Basics of Securing SSH

31 Aug 2013

I am not a security expert, and this is not an authoritative list, but it’s a good start. For more security measures, I suggest that you peruse Server Fault or read this CentOS how-to entry.

Note that I’m not describing here how to use public/private keys for authentication. Not only does this allow you to avoid entering a password when logging in, but it allows you to disable password authentication completely. This is because part of me wants to be able to log in from any client, so long as I can remember my password.

Switch away from port 22

The majority of attacks attempt to log in on port 22, and if this fails, they simply move on to trying port 22 on another IP address. While the new port of sshd can be found with a simple port scan, most attacks are not that sophisticated.

Choose a new port less than 1024, also called a well-known port. A service listening on such a port is either running as root or was started as root. This makes it difficult for an attacker without root access to terminate sshd and then replace it with a SSH service under the control of the attacker. Consult the IANA port number assignment table to avoid picking an important well-known port, such as 443 for HTTPS.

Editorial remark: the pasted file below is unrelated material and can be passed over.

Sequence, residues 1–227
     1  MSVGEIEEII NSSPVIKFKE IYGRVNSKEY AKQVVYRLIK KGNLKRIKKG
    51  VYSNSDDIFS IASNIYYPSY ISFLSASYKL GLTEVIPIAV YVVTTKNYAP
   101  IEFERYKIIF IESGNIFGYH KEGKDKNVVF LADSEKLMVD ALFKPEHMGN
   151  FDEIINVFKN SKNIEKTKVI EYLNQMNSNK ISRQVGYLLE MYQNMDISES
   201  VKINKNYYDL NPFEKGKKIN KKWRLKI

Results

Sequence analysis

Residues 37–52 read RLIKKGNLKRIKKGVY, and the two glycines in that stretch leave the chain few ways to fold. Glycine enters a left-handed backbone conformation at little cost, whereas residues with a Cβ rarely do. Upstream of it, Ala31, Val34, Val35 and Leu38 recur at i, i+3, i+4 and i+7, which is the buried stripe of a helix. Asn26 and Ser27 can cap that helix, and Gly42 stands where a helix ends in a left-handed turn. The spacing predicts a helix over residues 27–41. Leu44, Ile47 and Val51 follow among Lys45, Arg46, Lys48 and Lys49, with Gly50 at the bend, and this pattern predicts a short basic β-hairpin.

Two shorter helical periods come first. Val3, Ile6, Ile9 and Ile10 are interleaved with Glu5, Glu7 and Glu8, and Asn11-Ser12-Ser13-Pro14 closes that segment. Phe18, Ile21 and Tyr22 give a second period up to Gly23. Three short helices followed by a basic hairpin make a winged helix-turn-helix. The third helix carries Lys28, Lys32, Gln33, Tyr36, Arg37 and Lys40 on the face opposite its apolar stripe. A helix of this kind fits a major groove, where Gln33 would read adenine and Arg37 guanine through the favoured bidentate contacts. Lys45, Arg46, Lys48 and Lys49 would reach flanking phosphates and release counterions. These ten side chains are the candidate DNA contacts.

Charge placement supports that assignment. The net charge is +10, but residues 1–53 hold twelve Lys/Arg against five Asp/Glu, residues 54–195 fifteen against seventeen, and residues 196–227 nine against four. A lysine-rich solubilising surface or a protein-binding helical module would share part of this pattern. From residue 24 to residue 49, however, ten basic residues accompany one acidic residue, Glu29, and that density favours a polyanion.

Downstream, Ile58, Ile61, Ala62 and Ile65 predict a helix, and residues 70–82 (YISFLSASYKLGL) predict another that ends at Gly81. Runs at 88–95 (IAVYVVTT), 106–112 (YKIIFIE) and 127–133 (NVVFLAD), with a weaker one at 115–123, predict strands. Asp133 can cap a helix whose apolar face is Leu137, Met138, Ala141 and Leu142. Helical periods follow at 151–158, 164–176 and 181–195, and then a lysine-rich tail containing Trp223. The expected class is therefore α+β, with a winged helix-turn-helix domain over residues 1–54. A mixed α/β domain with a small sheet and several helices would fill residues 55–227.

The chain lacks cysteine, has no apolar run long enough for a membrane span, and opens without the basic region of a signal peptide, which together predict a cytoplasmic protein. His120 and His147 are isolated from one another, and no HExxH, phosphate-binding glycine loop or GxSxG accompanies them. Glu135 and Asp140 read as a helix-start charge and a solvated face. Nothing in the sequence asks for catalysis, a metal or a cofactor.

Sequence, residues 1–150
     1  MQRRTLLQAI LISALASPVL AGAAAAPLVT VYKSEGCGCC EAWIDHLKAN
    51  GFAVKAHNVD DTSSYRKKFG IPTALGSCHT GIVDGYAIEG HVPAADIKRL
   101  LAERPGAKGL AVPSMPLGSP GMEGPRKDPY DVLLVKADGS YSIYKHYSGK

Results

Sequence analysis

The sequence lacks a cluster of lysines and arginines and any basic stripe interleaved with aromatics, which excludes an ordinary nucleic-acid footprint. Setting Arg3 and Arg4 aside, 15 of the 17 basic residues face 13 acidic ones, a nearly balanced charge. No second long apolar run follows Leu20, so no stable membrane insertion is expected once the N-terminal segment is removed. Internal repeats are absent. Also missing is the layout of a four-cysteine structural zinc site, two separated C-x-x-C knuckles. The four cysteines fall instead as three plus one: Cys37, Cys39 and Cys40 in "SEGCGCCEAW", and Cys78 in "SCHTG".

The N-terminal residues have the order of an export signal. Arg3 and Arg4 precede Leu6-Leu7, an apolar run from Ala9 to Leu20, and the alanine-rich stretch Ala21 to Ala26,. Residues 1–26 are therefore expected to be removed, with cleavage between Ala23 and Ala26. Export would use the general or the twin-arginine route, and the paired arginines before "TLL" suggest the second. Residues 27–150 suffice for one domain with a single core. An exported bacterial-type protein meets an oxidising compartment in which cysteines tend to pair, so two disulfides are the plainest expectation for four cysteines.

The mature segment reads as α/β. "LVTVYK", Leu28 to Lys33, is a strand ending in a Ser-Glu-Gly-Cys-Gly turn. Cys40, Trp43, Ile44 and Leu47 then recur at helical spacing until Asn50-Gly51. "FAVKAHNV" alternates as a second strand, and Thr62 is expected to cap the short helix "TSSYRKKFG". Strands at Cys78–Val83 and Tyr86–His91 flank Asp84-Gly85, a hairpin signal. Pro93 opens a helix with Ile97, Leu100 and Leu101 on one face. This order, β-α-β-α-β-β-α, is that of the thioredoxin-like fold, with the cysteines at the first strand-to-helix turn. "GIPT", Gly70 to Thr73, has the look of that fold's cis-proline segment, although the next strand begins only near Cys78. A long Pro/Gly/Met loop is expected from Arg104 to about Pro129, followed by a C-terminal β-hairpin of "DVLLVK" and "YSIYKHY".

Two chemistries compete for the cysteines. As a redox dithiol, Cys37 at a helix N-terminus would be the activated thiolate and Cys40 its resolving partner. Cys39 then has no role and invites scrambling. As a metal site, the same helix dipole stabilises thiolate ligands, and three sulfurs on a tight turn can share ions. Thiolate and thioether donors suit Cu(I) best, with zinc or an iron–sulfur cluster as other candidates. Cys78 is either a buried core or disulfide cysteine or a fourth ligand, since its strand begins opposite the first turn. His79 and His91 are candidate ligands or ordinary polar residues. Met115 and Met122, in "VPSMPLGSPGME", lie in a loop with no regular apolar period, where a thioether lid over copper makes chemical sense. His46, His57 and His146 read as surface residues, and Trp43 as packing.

For this post, I’m going to choose port 789. And to be safe, we’re going to change sshd to listen both on this port and on port 22 before cutting off access to the latter.

First, we must add a rule to the configuration of iptables so that it accepts TCP connections on port 789. On many servers, these rules are stored in the file /etc/sysconfig/iptables. If this file does not exist, consult the documentation of your distribution to find or even create this file. Once you’ve opened it, the easiest way to add the rule is to copy and then modify the existing rule that accepts TCP connections on port 22. Although the definition of this rule can vary between distributions, it will contain both --dport 22 and -j ACCEPT. On one of my servers, this rule is -A INPUT -m state --state NEW -p tcp --dport 22 -j ACCEPT. Add a rule below it that is similar but uses the new port. If switching to port 789, the file now contains: